have a bindi, and round she waist she have a sari, and anything she say she have fe ball

after me, RagamuffinIndian Apache

. . .

('Chok There')

Kapur'spostmodernism is particularlyovert in the associations - at once rich and depthless - of his sobriquet, made explicit by his references to dub rappers Super

Cat (also known as Apache) and Apache Scratchie, CaribbeanArawaks, and, of course, Native Americans - the one sort of Indian Kapur is not. Finally, the 'cut 'n' mix' aesthetic spills on to the cover of his No ReservationsCD, which is a typical

postmodern collage of

map fragments (India, Jamaica),rupee notes and Jamaican

dollars, and old and new colour and black-and-whitesnapshots.

On one level,

such syncretisms are quite logical developments; Kapurhimself

has stated that in Birmingham's 'healthy multi-racialmusical scene

. . .

it was

quite a natural thing' to start singing dance-hall, in a 'cross-style that reflects a multiculturalbackground that most city kids like me grew up with' (in Jain 1993).

Aestheticsin subsulturalpopular musics


When performing for diasporic South Asian (as opposed to Afro-Caribbean)audi- ences, Kapur preaches Asian pride and unity. Again, such themes and eclectic

syntheses are not inherently postmodern, but can be seen as modernist attempts to establish coherent and distinctive ethnic identities in the diaspora. Similarly, bhangramuffin'srecycling of Punjabi folk songs may to some extent be intended to evoke nostalgic associations of the ancestral (and perhaps never-visited) home- land, while reinforcing a sense of ethnic pride. At the same time, the oddity of combining rustic folk tunes with contemporarystyles like dance-hall and techno- pop is hardly lost on urban Punjabimigrants; when these media-derived elements are combined in a sense of pastiche and gentle blank irony, they go beyond mere syncretic acculturation,and acquire some of the features of postmodern jouissance. In such cases, the sound of the folk drum or the quaint plinking of the Punjabi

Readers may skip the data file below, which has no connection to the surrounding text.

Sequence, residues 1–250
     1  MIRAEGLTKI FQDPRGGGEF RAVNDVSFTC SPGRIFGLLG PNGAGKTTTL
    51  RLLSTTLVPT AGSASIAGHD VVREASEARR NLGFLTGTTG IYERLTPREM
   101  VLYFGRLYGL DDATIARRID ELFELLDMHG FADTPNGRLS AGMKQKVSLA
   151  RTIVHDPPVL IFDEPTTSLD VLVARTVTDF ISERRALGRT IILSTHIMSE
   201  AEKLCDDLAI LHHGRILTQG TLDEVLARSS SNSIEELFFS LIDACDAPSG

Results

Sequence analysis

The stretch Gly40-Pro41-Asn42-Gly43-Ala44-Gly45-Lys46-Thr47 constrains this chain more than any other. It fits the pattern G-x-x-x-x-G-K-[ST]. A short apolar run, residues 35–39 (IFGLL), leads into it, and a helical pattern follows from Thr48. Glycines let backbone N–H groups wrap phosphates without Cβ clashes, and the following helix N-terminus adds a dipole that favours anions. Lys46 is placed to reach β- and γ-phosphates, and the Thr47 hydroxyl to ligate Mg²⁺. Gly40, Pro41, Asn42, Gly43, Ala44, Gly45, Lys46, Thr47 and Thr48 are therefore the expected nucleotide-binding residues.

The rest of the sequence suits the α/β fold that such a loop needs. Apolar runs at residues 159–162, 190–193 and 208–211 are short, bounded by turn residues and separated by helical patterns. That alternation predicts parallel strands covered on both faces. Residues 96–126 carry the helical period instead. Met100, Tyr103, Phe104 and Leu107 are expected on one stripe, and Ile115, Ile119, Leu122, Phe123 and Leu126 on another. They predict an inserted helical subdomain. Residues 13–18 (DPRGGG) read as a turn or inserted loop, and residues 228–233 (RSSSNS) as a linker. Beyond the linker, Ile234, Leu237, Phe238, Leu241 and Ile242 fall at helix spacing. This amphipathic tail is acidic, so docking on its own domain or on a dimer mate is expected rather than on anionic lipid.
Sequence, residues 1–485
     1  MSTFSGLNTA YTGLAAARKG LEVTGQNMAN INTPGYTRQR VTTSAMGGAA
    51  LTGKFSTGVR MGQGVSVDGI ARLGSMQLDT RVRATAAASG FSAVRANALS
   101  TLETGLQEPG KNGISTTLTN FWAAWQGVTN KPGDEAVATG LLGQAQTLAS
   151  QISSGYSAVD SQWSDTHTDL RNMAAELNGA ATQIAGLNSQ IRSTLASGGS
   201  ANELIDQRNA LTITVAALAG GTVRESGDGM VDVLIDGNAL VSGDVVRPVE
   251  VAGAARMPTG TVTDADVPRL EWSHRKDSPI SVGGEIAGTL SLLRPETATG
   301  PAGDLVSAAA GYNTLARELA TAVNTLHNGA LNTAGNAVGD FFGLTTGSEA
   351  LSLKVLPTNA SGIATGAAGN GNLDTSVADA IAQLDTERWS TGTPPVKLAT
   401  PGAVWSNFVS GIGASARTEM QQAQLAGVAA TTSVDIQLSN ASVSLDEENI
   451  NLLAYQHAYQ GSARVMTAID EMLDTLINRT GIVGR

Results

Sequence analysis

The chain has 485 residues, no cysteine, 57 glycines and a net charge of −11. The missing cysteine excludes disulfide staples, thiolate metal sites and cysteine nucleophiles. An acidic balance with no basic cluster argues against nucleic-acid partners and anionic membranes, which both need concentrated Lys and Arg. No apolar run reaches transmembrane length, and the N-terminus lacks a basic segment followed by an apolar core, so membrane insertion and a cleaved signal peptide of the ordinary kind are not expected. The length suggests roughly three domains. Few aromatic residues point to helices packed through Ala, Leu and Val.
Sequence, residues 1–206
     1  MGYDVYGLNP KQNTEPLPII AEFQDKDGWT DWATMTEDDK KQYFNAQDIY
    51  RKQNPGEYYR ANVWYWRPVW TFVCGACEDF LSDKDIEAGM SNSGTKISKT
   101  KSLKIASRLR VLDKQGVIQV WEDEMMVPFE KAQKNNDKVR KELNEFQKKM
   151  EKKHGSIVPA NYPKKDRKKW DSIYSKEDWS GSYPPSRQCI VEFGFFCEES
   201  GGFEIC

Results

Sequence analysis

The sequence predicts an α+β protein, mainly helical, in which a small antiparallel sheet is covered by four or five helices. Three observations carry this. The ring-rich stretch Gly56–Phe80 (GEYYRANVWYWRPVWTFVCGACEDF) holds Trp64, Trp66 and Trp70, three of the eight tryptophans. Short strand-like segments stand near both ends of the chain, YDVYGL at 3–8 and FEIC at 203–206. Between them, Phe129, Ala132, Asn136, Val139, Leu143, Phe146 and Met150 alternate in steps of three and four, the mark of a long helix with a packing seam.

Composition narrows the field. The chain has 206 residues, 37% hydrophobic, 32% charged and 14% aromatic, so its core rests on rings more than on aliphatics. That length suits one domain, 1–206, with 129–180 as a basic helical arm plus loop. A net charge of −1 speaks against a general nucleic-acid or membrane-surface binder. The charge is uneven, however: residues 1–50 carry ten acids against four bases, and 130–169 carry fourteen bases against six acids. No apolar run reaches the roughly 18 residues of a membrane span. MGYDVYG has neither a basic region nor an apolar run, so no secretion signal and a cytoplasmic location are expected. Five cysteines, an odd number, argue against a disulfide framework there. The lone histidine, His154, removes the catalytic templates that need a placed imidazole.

tumbilute become at once quirky simulacra as well as Postmodern collage thus evolves as a natural means formerhomeland cultures and expressing the sense of articulated, for example, by some bhangra musicians

symbols of ethnic identity. of reconciling present and dislocation and rootlessness (see Bauman 1990, p. 91).